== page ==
Monday, March 26, 2007


2000, France/Belgium/Germany/Haiti, directed by Raoul Peck

Although it appears to be a conventional biopic on the surface, Raoul Peck's Lumumba is ultimately no more an objective portrait than his previous documentary on same subject, and functions, like that earlier work, as an examination of Peck's own relationship with his subject. The film opens with a re-creation of the possible circumstances surrounding Lumumba's death (circumstances not too far from the reality, if subsequent admissions from the Belgian government are reliable), and then moves backward, joining Lumumba as he arrives in Congo's capital city, still called, in the pre-independence period, Léopoldville. His political development is over almost in a flash: he goes from selling beer to having a key role in the independence negotiations in a manner that elides almost all of the details of his rise to prominence (which in some ways calls into question the degree to which Lumumba enjoyed popular support).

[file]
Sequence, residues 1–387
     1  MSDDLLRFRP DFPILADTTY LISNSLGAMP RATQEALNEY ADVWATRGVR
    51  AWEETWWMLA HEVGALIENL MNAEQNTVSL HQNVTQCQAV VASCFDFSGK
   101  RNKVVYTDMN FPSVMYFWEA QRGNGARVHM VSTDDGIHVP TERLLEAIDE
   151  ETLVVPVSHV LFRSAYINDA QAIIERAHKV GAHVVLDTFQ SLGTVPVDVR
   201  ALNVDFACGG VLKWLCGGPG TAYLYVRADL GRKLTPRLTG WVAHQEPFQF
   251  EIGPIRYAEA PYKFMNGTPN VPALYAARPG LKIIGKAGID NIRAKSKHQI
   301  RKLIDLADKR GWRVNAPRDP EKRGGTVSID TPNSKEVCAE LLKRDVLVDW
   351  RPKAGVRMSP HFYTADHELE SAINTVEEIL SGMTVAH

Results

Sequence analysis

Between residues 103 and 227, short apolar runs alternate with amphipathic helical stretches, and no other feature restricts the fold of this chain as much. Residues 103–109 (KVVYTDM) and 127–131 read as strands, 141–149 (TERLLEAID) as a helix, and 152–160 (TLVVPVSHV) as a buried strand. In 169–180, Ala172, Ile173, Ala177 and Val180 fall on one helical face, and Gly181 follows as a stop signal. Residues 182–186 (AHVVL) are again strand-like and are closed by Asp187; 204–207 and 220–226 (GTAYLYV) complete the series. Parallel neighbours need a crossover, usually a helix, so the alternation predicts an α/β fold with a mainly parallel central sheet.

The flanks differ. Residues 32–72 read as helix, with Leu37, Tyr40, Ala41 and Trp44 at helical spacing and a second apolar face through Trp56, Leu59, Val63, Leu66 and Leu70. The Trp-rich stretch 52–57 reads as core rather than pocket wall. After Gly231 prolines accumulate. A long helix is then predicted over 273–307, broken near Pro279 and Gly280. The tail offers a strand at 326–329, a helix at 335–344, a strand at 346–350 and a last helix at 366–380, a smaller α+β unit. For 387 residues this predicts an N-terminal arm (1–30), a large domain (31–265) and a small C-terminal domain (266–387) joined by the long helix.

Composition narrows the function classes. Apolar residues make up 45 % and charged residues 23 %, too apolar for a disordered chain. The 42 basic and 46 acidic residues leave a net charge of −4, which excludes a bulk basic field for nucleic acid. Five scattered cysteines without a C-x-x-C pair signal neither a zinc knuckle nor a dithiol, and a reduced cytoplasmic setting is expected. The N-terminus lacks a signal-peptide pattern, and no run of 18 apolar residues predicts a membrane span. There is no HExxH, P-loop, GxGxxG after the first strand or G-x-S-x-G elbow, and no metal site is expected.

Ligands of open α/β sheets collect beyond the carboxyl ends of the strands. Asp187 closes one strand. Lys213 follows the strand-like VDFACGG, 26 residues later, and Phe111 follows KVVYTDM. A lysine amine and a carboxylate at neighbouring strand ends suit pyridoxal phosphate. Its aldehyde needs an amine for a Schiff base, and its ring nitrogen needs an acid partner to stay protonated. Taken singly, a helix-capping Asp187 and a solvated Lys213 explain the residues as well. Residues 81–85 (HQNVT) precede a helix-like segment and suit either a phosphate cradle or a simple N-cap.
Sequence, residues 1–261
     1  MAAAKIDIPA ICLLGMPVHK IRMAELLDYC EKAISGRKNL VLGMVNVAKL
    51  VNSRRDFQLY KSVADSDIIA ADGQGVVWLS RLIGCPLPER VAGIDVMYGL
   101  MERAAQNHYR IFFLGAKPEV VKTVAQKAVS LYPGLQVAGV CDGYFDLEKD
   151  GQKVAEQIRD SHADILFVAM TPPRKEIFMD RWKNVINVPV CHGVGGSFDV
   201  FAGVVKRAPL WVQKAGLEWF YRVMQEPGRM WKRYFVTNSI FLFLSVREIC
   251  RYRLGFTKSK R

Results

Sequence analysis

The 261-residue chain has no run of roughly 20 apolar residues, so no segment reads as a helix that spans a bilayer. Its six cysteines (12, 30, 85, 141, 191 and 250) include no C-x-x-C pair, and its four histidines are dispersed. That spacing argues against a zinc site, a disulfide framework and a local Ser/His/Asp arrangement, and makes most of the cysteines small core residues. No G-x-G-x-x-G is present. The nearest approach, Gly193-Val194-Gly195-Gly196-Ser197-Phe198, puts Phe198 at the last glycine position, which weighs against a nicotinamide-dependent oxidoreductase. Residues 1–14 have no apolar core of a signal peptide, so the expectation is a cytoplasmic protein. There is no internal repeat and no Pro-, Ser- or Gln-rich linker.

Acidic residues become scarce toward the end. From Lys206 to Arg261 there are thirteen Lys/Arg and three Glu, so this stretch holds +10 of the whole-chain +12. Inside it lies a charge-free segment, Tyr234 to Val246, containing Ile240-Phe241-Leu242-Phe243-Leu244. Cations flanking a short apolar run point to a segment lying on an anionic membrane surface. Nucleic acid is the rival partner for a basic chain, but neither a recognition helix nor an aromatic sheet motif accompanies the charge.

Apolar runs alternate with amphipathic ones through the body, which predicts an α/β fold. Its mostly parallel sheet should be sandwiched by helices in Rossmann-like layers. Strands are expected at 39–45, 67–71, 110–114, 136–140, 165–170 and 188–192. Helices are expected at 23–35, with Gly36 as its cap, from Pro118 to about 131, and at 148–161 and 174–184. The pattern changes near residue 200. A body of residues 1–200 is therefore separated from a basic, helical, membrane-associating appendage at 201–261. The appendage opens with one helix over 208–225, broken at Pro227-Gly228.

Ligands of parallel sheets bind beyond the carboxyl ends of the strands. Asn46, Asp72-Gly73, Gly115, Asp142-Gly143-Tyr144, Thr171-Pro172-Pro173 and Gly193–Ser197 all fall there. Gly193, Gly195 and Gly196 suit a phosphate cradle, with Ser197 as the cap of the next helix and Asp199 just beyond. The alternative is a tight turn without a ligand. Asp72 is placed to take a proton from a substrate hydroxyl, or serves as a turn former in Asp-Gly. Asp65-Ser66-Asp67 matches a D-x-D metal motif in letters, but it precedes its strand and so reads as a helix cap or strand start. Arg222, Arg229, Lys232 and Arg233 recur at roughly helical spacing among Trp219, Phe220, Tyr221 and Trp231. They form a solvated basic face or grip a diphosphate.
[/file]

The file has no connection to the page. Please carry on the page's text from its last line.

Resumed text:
The film's primary interest is in Lumumba's brief period in power, his few months as prime minister in 1960, during which the idealism of the pre-independence period collides with the (sometimes brutal) realities of governing the vast area of the Congo, riven by regional rivalries as well as by outside influences (the film alludes to the involvement of Belgium, the Soviet Union and the US - while the UN is invoked in terms that portray it as both malign and welcome). There's a great poignancy to Peck's nuanced portrait of Lumumba, as if the director himself is also confronted with the reality that even a hero of the independence period has shades of grey; he doesn't shy away from Lumumba's occasional intransigence, nor from the fact that he, along with other leaders, was ill-prepared for the scale of the task ahead. Peck has no interest in hagiography, and the Lumumba that emerges from his film is a complex man, magnetic but also overburdened, toppled by circumstances in which almost no-one, save for Lumumba himself, remained loyal to the people of Congo.

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